A breakthrough in an otherwise sudden death condition

-Written by Rahul Mody

Scientists from Washington University School of Medicine in St. Louis recently conducted tests on mice using experimental drug therapy that seems to have protected them against a deadly rupture of major blood vessels in the abdomen. This new breakthrough could prove to be extremely beneficial in Abdominal Aortic Aneurysm (AAA) treatment where physicians were forced to wait till the smaller aneurysms got big enough for surgical intervention.

Abdominal Aortic Aneurysm (AAA) is an inflammatory, progressive vascular condition. Earlier detection and treatment are always better ways of management and so, further experimentation on this drug could revolutionize AAA treatment for hundreds of thousands.

Image from White Square Vascular Surgery depicting difference in aorta normally and abdominal aortic aneurysm

According to Lederle, Johnson, et.al. (1997[1]), AAA is associated with male gender, advanced age, hypertension, hypercholesterolemia, coronary artery disease, atherosclerosis, and cigarette smoking. It has made its mark in the western world with an annual incidence of approximately 0.4-0.67%. This equates to about 2.5-6.5 aneurysms per 1000 people per year (Forsdahl, Singh, et.al., 2009[2]). In the U.S. alone, it accounts for approximately 15,000 deaths annually with around 200,000 diagnosed with the condition. Currently, open surgical repair of larger AAA’s are the only effective option to prevent sudden death due to rupture. This indicates a high mortality rate due to the severity of the condition.

In the article published to the Biomaterials Advances journal, the researchers made use of nano-particles to deliver anti-inflammatory products to the inflamed blood vessels. This nano-particle comes from a fragment of Melittin protein and had been primed to be able to carry the anti- inflammatory products. These products are said to be small interfering RNA (siRNA) and seem to form a complex with the modified Melittin. When it was introduced into the mice, it was found to accumulate in inflamed tissue. The siRNA seemed to suppress inflammation by interfering with inflammatory protein, NF-kappaB, expression. Specifically, the siRNA was primed to target two subunits of NF-kappa B: p50 and p65. The study found that suppressing p50 did not exactly stop the progression of the aneurysms. However, there was a significant increase in the mice’s survival rate, from 53% up to 85%. On the other hand, suppression of p65 did not have a very significant significant effect.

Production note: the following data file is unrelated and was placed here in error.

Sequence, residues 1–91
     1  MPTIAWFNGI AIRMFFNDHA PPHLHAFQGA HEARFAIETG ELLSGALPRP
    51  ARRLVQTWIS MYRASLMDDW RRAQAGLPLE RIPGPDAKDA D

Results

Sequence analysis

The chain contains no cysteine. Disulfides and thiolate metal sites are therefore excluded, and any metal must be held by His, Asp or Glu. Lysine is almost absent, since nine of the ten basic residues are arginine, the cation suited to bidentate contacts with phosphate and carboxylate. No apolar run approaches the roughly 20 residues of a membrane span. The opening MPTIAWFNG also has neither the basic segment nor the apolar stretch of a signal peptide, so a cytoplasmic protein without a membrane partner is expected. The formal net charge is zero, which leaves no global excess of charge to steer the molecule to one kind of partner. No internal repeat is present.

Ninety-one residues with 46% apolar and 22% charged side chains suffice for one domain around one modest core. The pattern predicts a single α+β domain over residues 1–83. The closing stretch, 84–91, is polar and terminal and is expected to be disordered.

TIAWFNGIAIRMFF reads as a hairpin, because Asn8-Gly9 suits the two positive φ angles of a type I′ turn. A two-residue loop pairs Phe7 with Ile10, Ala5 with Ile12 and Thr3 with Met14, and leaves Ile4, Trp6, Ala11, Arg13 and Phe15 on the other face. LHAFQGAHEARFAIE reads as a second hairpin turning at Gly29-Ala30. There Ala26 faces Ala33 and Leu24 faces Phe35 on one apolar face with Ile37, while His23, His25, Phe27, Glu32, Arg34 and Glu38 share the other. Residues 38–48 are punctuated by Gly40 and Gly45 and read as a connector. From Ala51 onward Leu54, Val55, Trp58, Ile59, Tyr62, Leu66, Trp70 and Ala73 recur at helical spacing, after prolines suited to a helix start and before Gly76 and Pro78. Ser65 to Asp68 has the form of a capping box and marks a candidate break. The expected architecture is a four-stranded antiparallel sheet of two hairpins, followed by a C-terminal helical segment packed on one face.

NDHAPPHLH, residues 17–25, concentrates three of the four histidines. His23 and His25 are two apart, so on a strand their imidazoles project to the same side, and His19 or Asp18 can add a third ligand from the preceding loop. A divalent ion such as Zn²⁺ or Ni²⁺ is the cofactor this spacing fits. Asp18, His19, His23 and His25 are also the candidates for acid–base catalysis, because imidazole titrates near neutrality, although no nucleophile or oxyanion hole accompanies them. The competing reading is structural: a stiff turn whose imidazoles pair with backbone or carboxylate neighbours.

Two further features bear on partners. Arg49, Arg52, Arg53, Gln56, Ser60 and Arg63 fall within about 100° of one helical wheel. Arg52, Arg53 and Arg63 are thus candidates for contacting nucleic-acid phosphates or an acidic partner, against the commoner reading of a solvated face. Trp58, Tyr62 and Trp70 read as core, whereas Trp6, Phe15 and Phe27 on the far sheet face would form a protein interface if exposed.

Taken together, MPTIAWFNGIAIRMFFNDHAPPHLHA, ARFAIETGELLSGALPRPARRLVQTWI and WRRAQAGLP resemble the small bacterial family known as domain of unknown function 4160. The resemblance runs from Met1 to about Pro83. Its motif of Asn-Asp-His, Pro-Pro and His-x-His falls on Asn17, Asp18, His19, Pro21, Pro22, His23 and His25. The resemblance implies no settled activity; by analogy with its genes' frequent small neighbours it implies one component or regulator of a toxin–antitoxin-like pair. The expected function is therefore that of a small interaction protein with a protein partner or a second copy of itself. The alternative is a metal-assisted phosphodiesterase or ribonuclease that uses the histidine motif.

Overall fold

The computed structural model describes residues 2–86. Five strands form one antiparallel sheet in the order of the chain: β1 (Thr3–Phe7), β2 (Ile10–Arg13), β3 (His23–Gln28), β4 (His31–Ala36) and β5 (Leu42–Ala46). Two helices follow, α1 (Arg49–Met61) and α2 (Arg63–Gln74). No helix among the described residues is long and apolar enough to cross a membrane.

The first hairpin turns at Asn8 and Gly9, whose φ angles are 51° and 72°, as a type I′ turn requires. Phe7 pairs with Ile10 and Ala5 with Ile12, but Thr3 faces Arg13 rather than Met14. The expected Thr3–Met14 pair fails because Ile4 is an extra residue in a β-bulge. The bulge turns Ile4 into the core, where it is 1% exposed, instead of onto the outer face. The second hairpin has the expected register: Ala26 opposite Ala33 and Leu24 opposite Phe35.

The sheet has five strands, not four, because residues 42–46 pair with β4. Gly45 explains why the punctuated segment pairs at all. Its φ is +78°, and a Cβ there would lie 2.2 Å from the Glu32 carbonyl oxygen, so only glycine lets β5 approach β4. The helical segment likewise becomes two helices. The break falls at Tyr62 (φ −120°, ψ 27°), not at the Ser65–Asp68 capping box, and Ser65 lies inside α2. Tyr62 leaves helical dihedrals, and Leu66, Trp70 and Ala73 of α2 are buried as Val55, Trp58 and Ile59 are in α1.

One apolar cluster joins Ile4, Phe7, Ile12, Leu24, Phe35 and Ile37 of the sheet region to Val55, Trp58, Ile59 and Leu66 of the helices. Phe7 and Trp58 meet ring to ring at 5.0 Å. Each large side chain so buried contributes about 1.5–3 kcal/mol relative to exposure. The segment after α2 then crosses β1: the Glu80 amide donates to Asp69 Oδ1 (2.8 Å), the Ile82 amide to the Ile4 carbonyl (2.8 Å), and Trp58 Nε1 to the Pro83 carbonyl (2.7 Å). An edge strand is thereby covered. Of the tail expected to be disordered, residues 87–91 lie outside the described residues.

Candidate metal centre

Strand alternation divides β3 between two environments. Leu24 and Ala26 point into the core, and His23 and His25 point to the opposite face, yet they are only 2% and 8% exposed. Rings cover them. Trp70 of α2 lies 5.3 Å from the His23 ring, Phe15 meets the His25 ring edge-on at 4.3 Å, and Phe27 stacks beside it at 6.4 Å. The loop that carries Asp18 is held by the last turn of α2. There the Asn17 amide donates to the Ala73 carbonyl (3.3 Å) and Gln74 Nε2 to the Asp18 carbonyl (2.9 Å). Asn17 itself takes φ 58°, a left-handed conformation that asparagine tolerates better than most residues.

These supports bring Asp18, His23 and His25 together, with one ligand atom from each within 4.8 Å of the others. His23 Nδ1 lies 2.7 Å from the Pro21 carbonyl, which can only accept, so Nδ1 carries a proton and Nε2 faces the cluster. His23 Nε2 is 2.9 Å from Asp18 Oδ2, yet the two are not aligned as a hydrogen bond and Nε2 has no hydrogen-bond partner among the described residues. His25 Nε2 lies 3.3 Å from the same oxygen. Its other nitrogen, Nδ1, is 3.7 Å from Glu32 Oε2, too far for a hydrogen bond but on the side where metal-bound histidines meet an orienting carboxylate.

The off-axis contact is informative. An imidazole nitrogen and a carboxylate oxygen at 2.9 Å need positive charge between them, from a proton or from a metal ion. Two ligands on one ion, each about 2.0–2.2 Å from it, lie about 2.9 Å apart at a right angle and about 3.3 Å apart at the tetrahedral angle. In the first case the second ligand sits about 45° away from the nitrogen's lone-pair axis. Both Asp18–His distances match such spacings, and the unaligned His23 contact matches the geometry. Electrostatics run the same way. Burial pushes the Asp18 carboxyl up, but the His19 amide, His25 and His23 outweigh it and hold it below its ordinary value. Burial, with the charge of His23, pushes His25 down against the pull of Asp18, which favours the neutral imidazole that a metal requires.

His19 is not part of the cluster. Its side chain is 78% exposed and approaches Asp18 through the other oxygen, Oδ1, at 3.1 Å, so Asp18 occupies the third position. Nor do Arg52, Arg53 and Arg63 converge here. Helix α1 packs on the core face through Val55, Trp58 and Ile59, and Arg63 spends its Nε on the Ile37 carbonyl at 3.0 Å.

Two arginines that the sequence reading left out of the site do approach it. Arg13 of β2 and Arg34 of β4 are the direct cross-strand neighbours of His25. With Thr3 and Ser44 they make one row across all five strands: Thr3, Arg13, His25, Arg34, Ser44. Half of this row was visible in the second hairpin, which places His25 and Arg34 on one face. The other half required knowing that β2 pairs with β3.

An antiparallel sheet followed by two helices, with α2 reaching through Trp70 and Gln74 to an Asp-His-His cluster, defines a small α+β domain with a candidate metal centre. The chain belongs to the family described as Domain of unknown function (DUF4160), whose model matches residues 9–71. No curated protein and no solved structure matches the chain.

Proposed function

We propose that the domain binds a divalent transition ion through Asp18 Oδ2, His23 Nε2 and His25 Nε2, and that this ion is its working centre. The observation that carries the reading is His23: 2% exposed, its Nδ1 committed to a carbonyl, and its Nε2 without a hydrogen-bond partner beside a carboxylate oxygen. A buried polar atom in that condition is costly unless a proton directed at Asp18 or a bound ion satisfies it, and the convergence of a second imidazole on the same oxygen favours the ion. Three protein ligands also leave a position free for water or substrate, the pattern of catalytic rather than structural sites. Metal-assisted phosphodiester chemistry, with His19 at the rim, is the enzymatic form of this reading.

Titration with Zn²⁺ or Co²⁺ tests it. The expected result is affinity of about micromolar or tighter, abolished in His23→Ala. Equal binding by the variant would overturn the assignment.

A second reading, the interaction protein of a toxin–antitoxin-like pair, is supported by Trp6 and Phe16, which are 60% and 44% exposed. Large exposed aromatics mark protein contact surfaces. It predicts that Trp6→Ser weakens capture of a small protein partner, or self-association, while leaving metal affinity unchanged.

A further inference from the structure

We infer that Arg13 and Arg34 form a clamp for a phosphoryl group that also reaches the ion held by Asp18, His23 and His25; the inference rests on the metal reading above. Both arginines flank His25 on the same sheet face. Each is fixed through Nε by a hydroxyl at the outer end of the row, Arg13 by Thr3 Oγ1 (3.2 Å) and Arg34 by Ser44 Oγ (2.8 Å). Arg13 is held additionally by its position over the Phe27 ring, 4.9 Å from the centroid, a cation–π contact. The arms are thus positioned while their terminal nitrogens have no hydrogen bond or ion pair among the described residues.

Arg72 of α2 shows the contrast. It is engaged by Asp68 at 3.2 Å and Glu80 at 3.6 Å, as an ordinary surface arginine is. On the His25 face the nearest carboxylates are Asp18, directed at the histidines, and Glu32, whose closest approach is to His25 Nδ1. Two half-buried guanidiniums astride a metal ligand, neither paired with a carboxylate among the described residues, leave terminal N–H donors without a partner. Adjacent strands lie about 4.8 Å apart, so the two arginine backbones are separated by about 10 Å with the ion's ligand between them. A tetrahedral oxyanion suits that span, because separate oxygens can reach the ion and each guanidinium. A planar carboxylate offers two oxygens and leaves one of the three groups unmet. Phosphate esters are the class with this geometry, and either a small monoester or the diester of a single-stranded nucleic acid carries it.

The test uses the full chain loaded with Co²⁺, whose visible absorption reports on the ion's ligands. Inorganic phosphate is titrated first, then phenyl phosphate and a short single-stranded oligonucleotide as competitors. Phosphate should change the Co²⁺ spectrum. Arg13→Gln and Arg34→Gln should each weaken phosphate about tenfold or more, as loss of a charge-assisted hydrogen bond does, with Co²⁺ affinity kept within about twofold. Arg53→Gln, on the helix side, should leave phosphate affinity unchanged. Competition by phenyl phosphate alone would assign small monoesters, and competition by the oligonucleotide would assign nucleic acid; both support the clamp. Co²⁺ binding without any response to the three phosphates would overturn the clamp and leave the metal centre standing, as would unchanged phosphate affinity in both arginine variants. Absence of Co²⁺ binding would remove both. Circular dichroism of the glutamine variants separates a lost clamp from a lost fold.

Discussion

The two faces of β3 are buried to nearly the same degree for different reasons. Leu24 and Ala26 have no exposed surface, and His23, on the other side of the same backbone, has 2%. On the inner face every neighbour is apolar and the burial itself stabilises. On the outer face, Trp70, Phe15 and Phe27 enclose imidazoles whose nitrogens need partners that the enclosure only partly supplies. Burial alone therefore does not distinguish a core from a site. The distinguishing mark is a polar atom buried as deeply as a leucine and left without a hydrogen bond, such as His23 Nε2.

Image by Huimin Yan
Description: Nanoparticles (red) are taken up by immune cells (green with blue nuclei).

Although the technology is still being tested, Pham, the Washington University site lead, claims that their next area of interest would be for rheumatoid arthritis. Now that they have the approval for the technology of AAA treatment, they wish to use this momentum to treat more widespread conditions. This discovery is truly a breakthrough in the world of aneurysms. A situation where doctors could only sit and watch as the condition progresses before they could really make an attempt at treatment. Previous immunosuppressive and anti-inflammatory techniques were found to be futile and so, this discovery only sets in motion an era of more in-depth research and developments using advanced technology. The potential for growth is forever immense and reaching “idealistic medicinal practice” remains open to more research as well.

As Carl Sagan once said, “Somewhere, something incredible is waiting to be known.”


  1. F.A. Lederle, G.R. Johnson, S.E. Wilson, E.P. Chute, F.N. Littooy, D. Bandyk, W.C. Krupski,
    G.W. Barone, C.W. Acher, D.J. Ballard Prevalence and associations of abdominal aortic aneurysm detected through screening. Aneurysm detection and management (ADAM) veterans affairs cooperative study group Ann. Intern. Med., 126 (6) (1997), pp. 441-449
  2. Forsdahl SH, Singh K, Solberg S, Jacobsen BKRisk factors for abdominal aortic aneurysms: a 7-year prospective study: the TromsøStudy. Circulation. 2009;119(16):2202. Epub 2009 Apr 13.

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